The Campo Formoso Karst area of northeastern Brazil holds very extensive cave systems, such as Southern Hemisphere’s longest cave, the 97 km long Toca da Boa Vista. These caves show remarkable features of condensation corrosion such as cupolas, weathered cave walls yielding dolomitic sand, “air scallops” and corroded speleothems. Weathering rinds up to 5 cm thick occur in both dolomite bedrock and speleothem surfaces. Unlike the dolomite, speleothems usually do not disintegrate but change to a milky white opaque porous calcite that is in marked contrast with the fresh crystalline calcite. The area is presently under semi-arid climate and the cave atmosphere is characterised by high internal temperatures (2729 °C) and low relative humidity (mean of 73% for sites away from entrances).
Despite being such a widespread process, rates of condensation corrosion have so far been reported only from caves in the coastal area of the Caribbean (Tarhule-Lips and Ford, 1998). In this study, rates of condensation corrosion in speleothems were derived by determining thickness of weathering rind and age of last unaltered calcite. These rates represent minimum rates because speleothem growth ceased later than age obtained, and also condensation corrosion may not be continuous in time. Due to variable thickness of weathering layer (usually thicker at the top and thinner at sides of stalagmites), maximum and minimum thickness were obtained for each sample. Dating was performed through the alpha spectrometric U-series method in the first unaltered calcite layer beyond the weathering rim. 
The rates obtained vary over two orders of magnitude. They appear to be highly site specific, and are probably heavily dependent on the local atmospheric conditions, although more sampling is needed to confirm this relationship. The data shows that rates are dependent primarily on thickness measured, as range of ages is quite small. Tarhule-Lips and Ford (1998), in the very different littoral caves of the Caribbean, have estimated condensation corrosion rates based on experiments using gypsum tablets. Their reported mean value of 24 mm/ka, much higher than observed in the Campo Formoso caves, suggest that the process may be episodic in the area, not occurring during speleothem growth phases associated with wetter periods.
Although the rates reported by Tarhule-Lips and Ford (1998) indicate that condensation corrosion may actually enlarge cave passages in the normal (10 4 – 10 6 ka) time range of speleogenesis, in the Campo Formoso caves the process appears to play a minor speleogenetic role, being responsible for later modification of cave walls and speleothems.

Palaeoenvironments in semi-arid northeastern Brazil inferred from high precision mass spectrometric speleothem and travertine ages and the dynamics of South American rainforests, 2004, Auler A. S. , Wang X. , Edwards R. L. , Cheng H. , Cristalli P. S. , Smart P. L. , Richards D. A.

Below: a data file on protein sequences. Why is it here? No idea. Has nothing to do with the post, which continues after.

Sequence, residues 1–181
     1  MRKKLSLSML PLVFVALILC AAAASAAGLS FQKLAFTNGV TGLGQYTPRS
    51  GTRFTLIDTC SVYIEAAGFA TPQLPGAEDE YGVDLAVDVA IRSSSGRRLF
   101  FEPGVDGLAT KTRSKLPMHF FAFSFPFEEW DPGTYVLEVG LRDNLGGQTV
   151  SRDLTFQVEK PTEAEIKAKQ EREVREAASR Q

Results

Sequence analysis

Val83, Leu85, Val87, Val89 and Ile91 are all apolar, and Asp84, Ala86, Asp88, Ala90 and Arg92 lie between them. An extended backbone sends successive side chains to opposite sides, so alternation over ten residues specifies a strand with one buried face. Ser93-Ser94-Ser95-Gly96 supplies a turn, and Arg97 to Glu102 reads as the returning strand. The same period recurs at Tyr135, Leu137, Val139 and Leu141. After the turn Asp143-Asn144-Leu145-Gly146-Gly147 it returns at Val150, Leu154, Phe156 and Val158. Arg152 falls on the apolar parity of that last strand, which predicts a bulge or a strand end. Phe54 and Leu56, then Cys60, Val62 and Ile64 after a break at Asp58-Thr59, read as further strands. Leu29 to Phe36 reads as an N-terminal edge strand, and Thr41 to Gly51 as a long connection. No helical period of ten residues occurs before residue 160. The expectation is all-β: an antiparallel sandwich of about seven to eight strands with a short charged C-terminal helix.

Understanding past environmental changes in tropical rainforests is extremely important in order to assess the response of such environments to present and future climatic changes and understand causes and the present patterns of biodiversity.
Earlier hypothesis on the origin of biodiversity have stressed the role of past climatic changes in promoting speciation. According to the “refuge hypothesis” (Haffer, 1982), dry periods could have led to forest fragmentation, isolating more humid forested zones (called refuges) within an environment largely dominated by savannas. The refuge hypothesis does not assign timescales for rainforest fragmentation, although recent studies have suggested that speciation could have occurred over timescales of millions of years (Knapp and Mallet, 2003). Although the focus of heavy criticism (Colinvaux, et a., 2000), the refuge hypothesis has generated a large amount of research. In general, pollen studies (Colinvaux, et a., 1996, Haberle and Maslin, 1999) tend to support a continuous forest cover throughout late Quaternary climatic shifts, although large variations in rainfall have also been demonstrated by other pollen and isotopic studies (van der Hammen and Absy, 1994; Maslin and Burns, 2000).
Amazon and Atlantic rainforests are the two major forested zones in South America. Amazon rainforest, the largest rainforest in the world, comprise a total original area of 4.1 million km2 and is renowned for hosting the large biodiversity in the world (30% of all the world’s known plant and animal species). Atlantic rainforest, also a biodiversity hotspot, occurs along the coast and has been subjected to heavy deforestation since European arrival. Nowadays only c. 7% of its original forested area of 1.3 million km2 remains. These two rainforests are separated by drought-prone semi-arid northeastern (NE) Brazil. Our study does not address the refuge hypothesis directly although it sheds new light on the dynamics of forest expansion in the past as well as indicates alternative ways of promoting speciation. It has long been hypothesized, due to botanical (Mori, 1989; Andrade-Lima, 1982) and faunistic (Costa, 2003) similarities, that the Amazon and Atlantic rainforests were once linked in the past. Although numerous connecting routes have been postulated (Bigarella, et al, 1975; Por, 1992; De Oliveira, et al, 1999), the timing of forest expansion and their possible recurrence have remained elusive.